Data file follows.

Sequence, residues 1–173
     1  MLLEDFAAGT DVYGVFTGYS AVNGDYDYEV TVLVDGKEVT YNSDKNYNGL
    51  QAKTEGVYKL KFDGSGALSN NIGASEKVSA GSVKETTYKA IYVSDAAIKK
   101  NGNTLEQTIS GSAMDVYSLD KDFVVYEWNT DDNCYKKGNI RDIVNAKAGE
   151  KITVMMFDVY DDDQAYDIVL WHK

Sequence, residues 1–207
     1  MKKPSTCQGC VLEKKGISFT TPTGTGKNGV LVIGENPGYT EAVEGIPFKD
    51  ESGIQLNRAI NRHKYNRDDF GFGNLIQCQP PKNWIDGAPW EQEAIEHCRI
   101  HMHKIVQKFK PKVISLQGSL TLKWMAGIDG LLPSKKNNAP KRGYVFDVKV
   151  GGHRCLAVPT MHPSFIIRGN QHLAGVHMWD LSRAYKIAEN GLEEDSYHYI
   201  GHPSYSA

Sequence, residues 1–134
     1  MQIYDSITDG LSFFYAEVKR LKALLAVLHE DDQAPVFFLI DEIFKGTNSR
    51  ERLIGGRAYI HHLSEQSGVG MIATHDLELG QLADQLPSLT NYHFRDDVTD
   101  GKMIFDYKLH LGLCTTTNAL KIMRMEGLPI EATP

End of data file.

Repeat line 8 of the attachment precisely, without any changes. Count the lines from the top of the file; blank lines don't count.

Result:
    51  ESGIQLNRAI NRHKYNRDDF GFGNLIQCQP PKNWIDGAPW EQEAIEHCRI